A strategic PR program should provide a business or nonprofit organisation with a solid foundation from which it can functionally operate more effectively in other areas.
Take sales and marketing, for example. If people need to be educated about your product, service or cause before they are willing to commit, PR can help pave the way. If people already know, like and trust your brand, this can help reduce the sales cycle.
The same goes for advertising and promotions. PR can work organically day in and day out, all year round, getting people talking about your brand and keeping it top of mind with consumers. It can fill in the gaps between intermittent paid-for advertising campaigns as well as build a solid base that will make your promotional activities work harder.
There are countless other scenarios that illustrate the benefits of public relations.
Positive word of mouth, fueled by PR activity, can help drive business growth through strategic partnerships and alliances.
Recruitment of talent becomes easier if people are drawn to your organisation, thanks in part to your PR efforts. Employee retention, too, becomes easier. If people constantly hear positive stories about their employer or if they better understand it, thanks to transparent communication from the top down, they will generally feel better about working there.
You get the idea.
I’m definitely not saying PR is solely responsible for all of these areas of operation. But done with conviction and strategic intent, PR can definitely play a significant, influential role over the long term.
Brand Vs Reputation
PR has its fingertips on both brand and reputation.
Done well, it can help lay the foundation for a more sustainable and intentional corporate, organizational or personal reputation. Let’s face it: Reputation is paramount in today’s always-on, digital-first world. But so, too, is brand. It’s easy to confuse the two and important to understand the distinction.
Ideally, in my view, you build a brand and a business on the back of a strong reputation, and you use the credibility and consistency of your reputation to attract the people, the investors, the leaders, the media interest and the stakeholder support needed to resource the organization and its brand(s).
BOOM! A brilliant summation right there by Mr. Di Somma.
Meanwhile, Richard Ettenson and Jonathan Knowles write in MIT Sloan Management Review that many executives talk about corporate reputation and brand as if they are one and the same. They are not, and confusing the two can lead to costly mistakes. They say:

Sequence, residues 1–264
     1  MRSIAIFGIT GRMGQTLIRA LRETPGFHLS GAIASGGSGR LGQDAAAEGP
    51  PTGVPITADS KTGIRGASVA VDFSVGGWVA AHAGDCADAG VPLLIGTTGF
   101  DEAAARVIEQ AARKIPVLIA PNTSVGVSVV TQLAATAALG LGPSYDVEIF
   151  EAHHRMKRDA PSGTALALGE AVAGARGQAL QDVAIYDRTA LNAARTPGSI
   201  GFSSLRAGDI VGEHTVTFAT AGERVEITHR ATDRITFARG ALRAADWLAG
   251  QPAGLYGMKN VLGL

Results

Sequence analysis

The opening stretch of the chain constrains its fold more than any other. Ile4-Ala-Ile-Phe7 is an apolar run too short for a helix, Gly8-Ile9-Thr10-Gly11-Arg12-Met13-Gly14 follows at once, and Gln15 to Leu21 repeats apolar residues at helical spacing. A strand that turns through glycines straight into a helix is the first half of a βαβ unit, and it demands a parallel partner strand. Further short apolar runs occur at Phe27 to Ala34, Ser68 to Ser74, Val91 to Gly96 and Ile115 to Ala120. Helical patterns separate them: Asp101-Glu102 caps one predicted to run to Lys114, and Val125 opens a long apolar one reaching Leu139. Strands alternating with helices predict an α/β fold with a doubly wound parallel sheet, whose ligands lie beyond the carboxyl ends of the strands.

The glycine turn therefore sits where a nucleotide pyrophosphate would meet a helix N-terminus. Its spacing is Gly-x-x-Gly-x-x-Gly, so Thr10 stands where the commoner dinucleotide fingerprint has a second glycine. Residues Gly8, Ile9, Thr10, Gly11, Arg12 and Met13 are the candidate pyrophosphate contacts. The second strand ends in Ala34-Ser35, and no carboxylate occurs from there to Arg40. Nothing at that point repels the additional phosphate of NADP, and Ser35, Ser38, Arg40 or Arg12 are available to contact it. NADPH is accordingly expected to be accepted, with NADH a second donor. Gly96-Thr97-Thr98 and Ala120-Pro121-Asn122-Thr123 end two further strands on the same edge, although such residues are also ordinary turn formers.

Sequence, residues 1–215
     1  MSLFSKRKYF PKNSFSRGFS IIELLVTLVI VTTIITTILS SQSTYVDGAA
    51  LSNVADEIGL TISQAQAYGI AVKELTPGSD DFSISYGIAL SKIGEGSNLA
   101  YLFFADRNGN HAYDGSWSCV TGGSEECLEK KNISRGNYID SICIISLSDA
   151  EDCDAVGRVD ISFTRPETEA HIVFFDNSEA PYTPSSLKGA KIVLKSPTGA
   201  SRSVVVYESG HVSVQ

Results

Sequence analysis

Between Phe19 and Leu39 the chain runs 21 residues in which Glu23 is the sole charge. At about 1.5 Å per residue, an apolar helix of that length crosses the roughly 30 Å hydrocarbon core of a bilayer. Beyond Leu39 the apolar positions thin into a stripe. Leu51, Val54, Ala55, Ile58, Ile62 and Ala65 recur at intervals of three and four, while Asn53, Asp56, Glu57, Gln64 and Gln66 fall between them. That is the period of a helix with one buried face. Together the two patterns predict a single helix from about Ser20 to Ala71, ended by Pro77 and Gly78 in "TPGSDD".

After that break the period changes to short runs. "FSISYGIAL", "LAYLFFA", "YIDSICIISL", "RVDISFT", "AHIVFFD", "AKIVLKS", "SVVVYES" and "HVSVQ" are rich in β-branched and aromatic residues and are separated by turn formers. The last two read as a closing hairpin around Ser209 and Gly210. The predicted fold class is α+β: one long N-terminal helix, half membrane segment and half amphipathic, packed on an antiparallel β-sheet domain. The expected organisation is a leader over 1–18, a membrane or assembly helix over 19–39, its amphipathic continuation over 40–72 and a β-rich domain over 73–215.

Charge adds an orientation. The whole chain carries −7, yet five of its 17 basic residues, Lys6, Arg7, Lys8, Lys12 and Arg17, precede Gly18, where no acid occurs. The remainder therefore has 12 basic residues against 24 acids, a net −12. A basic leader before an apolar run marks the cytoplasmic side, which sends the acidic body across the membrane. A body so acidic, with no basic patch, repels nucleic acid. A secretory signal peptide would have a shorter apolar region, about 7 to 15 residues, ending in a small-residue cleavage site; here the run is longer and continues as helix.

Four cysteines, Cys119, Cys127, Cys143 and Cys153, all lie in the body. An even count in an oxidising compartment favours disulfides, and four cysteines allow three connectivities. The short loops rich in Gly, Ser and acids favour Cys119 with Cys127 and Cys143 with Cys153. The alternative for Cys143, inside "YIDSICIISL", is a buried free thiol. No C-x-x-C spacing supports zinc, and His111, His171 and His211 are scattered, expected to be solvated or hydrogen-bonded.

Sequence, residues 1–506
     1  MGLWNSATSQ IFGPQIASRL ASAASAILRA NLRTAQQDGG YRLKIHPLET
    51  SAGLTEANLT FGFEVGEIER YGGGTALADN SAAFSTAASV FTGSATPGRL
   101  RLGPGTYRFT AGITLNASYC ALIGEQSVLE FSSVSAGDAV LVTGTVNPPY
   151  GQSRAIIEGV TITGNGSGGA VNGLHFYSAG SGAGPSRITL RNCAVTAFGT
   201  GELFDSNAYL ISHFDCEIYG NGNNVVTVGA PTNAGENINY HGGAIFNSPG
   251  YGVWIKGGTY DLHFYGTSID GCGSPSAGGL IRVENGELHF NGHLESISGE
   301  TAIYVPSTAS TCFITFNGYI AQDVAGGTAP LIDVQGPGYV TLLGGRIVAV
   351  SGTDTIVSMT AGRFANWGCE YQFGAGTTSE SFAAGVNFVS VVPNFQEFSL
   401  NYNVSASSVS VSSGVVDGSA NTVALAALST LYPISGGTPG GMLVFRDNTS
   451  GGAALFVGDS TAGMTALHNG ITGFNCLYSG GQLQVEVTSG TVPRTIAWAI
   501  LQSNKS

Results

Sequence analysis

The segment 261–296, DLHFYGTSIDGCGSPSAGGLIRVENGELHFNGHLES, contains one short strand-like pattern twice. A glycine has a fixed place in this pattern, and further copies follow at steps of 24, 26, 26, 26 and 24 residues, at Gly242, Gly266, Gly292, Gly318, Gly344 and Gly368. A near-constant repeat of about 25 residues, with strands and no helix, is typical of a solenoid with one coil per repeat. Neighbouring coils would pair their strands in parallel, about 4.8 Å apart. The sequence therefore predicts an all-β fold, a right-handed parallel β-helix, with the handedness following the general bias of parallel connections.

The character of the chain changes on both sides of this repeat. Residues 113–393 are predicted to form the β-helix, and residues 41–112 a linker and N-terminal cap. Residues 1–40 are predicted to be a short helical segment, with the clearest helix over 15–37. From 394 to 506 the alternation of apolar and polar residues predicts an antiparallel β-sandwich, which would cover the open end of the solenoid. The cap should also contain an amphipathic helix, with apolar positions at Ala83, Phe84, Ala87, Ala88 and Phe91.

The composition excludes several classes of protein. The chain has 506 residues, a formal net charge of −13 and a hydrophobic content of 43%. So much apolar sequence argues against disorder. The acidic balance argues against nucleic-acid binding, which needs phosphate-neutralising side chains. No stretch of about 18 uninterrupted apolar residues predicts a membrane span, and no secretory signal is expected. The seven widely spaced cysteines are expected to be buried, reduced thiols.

The strength of a brand depends on how well it has fulfilled its promise to customers over time. A company’s reputation is affected by a variety of factors, including not just its management strength, financial performance and innovativeness but also its treatment of employees, efforts in workplace diversity, handling of ethical issues and commitment to the environment.
Ettenson and Knowles cite the example of NIKE, Inc., as a business that focused heavily on its brand. However, allegations of sweatshop labor and discriminatory employment practices led the company to the brink of a damaging consumer boycott of its products.
The lesson? A strong brand does not necessarily equate with a good reputation.
Suffice to say, strategic public relations can strengthen both a company’s brand and its reputation. In turn this means that any content marketing that’s part of a PR effort can be used to enhance both brand and reputation.
In order to thrive and prosper in today’s connection economy, companies, nonprofit organizations, government agencies and personal brand-based businesses need to establish, build, enhance and safeguard a reputation that’s both recognised and respected.
They also need to have a trusted brand that stands out amid the glut of information.
A strong reputation will enhance purchase consideration, which is obviously important if you’re in the business of selling goods and services. But it has a powerful knock-on effect as well.
If your business is constantly engaged in the battle for talent, a solid reputation will help you attract high-quality employees.
If raising capital or attracting investment partners is your goal, your reputation has a key role to play here.
If you’re a nonprofit and your goal is to galvanize public opinion behind your cause and spur increased funding or donations, then a strong reputation needs to be a cornerstone of your organisation’s existence.
So next time you think about PR for your business or organisation, by all means keep one eye on generating positive media exposure – an activity most people associate with public relations – but also think more expansively about how you can deepen the connection you have with the people who matter most to the success of your business, cause or issue.
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